Hopefully this won't discourage you, but will instead give you food for thought, because I think that if you are interested in portraiture, and are willing to work on it, you and your Rollieflex can create wonderful work, that you will enjoy and be proud of.

Ektagraphic
06-28-2010, 11:50 PM
I actually haven't really done much formal portrature with a waist level finder so you bring a very valid point :) I will be doing some experimentation very shortly when my Rollei gets back from repair.

MattKing
06-28-2010, 11:56 PM
Be sure to note my last edit to my previous post - and have fun with your experiments!

Q.G.
06-29-2010, 12:41 AM
Has your experience with the waist level format included portraiture?

I ask that mostly as a rhetorical question, because IMHO the most important attribute of a good portraitist is their ability to make a connection with the subject, and to have that connection show itself in the resulting photographs.

Working with a waist level finder affects how we make eye contact, so if that connection with your subject is to be established and maintained, it does require a specialized approach.

After all, the top of the photographer's head communicates very little to the subject of a portrait.

Using a waist level finder, you look up at the subject. All it takes is a flex of the neck.
Something people hiding behind a piece of metal with a peep hole to peep through usually do far, far less.

So if anyone of these two types of finders is more likely to get you connecting with the sitter, i's the waist level finder.

WRSchmalfuss
06-29-2010, 03:37 AM
A Rolleiflex is a great portrait camera.
So is a Tele Rolleiflex. I use both and
love both.

The twin lens Rolleiflex'es are getting still produced in Braunschweig/Germany, and the new firm selling them still excellent in Russia, Japan, and in the Asian theater. My favourite for portraits would be the (new) Tele-Rolleiflex! Unfortunately, an expensive dream! :D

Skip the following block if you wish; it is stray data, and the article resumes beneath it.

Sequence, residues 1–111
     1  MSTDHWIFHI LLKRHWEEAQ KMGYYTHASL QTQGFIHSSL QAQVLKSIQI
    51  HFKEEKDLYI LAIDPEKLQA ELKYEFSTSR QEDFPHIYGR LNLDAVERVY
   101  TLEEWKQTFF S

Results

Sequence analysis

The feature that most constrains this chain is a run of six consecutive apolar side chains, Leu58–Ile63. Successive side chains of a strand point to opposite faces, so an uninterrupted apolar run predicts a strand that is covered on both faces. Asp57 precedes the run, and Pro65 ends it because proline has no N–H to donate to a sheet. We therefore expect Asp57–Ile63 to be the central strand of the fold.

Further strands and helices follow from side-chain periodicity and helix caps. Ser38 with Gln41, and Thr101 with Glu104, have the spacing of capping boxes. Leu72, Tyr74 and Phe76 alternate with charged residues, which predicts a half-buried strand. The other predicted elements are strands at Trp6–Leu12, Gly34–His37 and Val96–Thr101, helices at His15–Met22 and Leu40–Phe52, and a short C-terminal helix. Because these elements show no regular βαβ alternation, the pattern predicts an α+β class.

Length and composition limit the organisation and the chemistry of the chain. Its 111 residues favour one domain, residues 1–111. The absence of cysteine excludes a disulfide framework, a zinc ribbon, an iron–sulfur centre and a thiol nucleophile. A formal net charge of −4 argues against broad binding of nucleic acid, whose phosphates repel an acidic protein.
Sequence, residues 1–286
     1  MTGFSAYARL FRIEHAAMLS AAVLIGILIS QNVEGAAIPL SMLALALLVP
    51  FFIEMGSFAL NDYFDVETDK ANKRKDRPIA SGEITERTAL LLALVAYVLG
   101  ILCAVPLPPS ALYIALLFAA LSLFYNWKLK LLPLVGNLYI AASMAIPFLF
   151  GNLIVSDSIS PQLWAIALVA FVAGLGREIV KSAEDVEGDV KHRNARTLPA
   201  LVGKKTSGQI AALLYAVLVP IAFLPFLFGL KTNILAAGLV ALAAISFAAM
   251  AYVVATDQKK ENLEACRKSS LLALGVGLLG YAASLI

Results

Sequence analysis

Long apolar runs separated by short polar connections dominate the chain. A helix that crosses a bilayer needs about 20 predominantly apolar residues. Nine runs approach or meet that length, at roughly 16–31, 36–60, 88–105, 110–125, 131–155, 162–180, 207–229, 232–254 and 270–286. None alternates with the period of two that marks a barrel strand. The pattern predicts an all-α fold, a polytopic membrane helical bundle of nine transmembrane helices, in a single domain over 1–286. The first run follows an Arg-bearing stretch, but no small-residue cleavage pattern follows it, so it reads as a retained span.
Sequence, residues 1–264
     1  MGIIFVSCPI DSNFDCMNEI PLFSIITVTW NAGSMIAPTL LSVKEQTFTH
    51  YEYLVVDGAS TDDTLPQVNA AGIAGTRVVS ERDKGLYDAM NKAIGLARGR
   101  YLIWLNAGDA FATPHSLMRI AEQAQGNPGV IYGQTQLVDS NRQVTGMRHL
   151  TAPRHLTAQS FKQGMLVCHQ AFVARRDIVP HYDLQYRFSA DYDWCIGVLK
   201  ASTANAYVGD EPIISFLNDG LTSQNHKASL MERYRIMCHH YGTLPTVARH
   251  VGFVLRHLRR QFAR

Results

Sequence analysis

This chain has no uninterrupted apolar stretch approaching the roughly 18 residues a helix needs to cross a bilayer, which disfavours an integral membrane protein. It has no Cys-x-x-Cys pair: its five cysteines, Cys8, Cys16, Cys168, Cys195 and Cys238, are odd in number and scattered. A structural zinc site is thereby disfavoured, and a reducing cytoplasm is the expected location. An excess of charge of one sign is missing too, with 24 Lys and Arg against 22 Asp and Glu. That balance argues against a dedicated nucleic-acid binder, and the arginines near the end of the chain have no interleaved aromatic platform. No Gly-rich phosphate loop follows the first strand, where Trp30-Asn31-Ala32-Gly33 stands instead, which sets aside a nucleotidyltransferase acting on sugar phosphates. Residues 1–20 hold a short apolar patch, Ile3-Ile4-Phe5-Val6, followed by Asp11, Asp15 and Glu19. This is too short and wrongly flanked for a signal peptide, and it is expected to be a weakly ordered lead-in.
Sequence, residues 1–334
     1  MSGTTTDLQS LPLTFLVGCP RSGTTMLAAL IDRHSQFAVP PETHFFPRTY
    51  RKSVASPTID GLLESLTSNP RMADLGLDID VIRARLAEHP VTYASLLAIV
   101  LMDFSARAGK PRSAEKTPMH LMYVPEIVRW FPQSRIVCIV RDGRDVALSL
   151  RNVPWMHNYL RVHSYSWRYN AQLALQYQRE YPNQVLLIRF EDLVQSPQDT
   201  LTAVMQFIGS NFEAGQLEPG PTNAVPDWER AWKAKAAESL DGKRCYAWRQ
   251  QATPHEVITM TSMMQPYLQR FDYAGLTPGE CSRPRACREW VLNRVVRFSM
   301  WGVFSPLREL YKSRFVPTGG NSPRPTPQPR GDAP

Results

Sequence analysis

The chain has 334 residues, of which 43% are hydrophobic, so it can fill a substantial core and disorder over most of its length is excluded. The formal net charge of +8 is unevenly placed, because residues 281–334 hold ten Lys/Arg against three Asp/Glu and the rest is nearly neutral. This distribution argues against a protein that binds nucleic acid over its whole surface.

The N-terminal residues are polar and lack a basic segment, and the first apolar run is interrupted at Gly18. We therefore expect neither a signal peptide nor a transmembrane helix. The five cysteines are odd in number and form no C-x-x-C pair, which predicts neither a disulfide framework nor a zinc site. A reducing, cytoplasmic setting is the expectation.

Trask
06-29-2010, 03:57 AM
I saw a film of avedon shooting portraits -- he'd put his Rollei on a tripod, positioned in front of the subject who was in front of the backdrop. Avedon would focus, then stand to the side or behind the camera with a long cable release and interact with the subject. He'd fire the camera when he wished, advance the film, maybe check focus or framing, but in general once he'd set the camera he'd spend most time talking to the subject.

df cardwell
06-29-2010, 05:29 AM
I guess I just need to get my ass out of the computer and off into the field :)

Something like that, but so do we all.

Rolleiflexible
06-29-2010, 05:40 AM
It's [almost] all about YOU, not the camera. Do what you can with what you have. Working on your skills as a portraitist is immeasurably more important than hemming and hawing over what camera is suitable for your work. This means thinking conceptually and visually as one unit, and being able to work with subjects. It is YOU, not the camera.

Of course this is right. But the final image is in part
a function of the camera, and its characteristics and
its limitations.

I prefer the Rolleiflex for a lot of reasons, some just
because I feel connected to it emotionally -- I find it
a beautiful work of industrial design. But there are
functional preferences as well. When I want superior
optics and biting clarity, the Rolleiflex is the obvious
choice. And the Rolleiflex offers other advantages.
For example, the leaf shutter is quiet; there is no
mirror slap; the design of the camera permits hand-
held exposures at quite low shutter speeds. And
the finder permits photos at angles that would be
difficult to shoot with a direct finder. As an example,
I am attaching a photo I took of my wife and son as
they lay on the bed -- I held the camera over them
from the side, I believe the exposure was around
1/15 @ f/4 or thereabouts. I could not have gotten
this angle or this exposure with many other cameras.